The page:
It’s hard to argue against the appeal of zero interest credit cards for balance transfers. You just transfer your credit balance from a high-interest card and boom: free money!
But not so fast. A 0% APR credit card offer can hold great appeal, but if you’re not careful, the process could actually hurt your FICO credit score and leave you with greater debt than before. Here’s how:
It could increase your credit utilization
To understand how a no interest credit card may hurt your credit, you need to understand how your FICO score works. The top factor is your on-time payment history, worth 35% of your score. The next most important factor is your credit utilization, worth 30% of your score. Here’s where a transfer of a balance from a high-interest card to a no-interest card can hurt.
FICO looks at your ratio of debt to available credit. Add up all the credit limits of all your cards and subtract the amount of credit used; that’s your credit utilization ratio. If you’re using 30% or less of your total available credit, that’s good (10% or less is even better for your credit rating).
So if you move a $5,000 balance from a high-interest credit card with a $20,000 limit to a no interest card with a $10,000 limit, your credit utilization will double from 25% to 50%.
Nerd note: When you transfer a balance to a new card, don’t close the old account. Keep it active, even if it goes unused. That keeps your credit utilization lower and length of your credit history (worth 15% of your FICO score) higher.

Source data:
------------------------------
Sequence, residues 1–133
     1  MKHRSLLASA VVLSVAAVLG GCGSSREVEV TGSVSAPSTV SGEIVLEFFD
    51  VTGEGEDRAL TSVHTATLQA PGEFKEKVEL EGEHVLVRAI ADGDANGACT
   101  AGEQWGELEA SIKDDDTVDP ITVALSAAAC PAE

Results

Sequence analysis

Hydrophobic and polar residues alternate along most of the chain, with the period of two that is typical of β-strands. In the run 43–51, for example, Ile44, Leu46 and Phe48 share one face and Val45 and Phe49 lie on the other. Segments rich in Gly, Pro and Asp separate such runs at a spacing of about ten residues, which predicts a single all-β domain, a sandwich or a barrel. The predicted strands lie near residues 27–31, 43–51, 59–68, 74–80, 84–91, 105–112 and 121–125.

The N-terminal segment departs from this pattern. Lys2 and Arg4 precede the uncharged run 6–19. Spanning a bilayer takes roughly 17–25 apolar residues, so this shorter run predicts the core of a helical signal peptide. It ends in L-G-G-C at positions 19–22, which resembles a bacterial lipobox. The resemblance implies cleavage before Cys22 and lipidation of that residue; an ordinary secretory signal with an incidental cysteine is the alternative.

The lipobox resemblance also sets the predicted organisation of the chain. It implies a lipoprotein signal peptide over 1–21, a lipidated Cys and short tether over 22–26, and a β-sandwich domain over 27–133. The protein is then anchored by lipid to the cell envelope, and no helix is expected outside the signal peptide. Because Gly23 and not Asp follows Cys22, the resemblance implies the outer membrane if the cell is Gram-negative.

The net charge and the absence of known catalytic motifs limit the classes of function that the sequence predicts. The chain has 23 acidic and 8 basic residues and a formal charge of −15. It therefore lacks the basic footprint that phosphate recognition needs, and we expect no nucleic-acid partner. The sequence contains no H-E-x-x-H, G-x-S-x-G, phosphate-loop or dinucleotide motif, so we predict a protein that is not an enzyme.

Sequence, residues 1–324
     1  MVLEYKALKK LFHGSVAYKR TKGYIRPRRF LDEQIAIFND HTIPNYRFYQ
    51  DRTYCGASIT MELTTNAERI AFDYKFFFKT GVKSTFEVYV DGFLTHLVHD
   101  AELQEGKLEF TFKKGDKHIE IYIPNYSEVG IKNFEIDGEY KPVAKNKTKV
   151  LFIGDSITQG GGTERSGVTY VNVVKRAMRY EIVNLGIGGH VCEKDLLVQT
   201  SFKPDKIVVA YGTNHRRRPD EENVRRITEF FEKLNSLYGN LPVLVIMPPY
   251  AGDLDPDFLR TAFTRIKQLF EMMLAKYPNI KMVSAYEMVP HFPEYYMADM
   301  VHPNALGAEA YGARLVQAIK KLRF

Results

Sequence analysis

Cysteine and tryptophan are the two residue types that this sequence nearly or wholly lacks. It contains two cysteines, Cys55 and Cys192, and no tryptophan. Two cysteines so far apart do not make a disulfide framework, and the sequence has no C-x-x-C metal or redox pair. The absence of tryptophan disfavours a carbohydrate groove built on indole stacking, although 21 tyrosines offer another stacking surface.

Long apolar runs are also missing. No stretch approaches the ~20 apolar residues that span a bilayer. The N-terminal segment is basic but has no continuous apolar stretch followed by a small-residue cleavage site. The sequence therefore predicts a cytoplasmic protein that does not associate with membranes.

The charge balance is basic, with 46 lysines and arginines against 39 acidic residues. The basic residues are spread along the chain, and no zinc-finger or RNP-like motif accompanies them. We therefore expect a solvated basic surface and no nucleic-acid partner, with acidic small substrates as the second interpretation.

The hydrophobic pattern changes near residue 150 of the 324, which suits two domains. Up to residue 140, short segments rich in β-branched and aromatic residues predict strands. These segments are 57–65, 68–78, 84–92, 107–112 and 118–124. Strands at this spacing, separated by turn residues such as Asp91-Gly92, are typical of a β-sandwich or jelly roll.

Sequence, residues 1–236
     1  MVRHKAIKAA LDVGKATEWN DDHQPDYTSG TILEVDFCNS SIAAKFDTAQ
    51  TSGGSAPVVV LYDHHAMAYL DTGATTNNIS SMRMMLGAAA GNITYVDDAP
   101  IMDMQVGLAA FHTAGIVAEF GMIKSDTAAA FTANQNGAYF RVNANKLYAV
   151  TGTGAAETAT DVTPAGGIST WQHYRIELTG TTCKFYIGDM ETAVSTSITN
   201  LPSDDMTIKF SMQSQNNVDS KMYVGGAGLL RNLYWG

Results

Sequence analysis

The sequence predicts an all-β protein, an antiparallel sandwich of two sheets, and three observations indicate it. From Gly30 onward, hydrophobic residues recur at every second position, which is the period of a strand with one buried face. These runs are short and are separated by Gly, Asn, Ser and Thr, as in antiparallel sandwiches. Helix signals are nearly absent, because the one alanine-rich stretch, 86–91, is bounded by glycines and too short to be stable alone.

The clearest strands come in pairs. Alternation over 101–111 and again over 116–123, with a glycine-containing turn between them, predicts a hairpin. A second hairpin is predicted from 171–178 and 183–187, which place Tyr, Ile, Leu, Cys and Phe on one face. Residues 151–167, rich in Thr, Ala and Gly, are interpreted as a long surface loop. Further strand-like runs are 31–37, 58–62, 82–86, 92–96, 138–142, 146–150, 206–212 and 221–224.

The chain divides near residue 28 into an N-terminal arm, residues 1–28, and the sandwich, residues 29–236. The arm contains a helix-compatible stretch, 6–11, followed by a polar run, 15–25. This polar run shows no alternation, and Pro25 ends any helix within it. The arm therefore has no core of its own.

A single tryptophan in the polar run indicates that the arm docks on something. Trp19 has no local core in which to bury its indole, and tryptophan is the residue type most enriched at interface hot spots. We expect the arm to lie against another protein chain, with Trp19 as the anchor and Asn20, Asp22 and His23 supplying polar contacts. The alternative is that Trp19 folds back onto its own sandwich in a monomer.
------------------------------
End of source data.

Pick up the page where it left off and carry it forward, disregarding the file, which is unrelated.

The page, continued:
A new credit card will hurt your credit
Bad news: Evaluation by the issuer of the new card includes a “hard inquiry” of your credit history, which signals you’re looking to take on new debt. The number of new inquiries into your credit history affects about 10% of your FICO score.
Good news: Over time, a new card can help your credit score by diversifying your credit line. It’s also helpful if you keep your balances low and always — always — pay your bills on time.
Check beyond the teaser rate
Remember a zero interest card is a promotional offer. That means it ends, usually between six months and 15 months later. Then interest rates, often in the double digits, kick back in again. Is the new rate lower than your old rate? Will you reasonably be able to pay down your balance before the higher interest rate begins?
0% on purchases is still more debt
OK, so you don’t pay any interest for a limited time on new purchases. But you are still taking on new debt. Zero percent offers are great as tools to help in the short run, whether to temporarily cover a purchase or help double-down on paying off a high balance.
If your spendthrift ways got you into debt troubles in the first place, then a zero interest card can be an avenue for even more damage. Handle with care.
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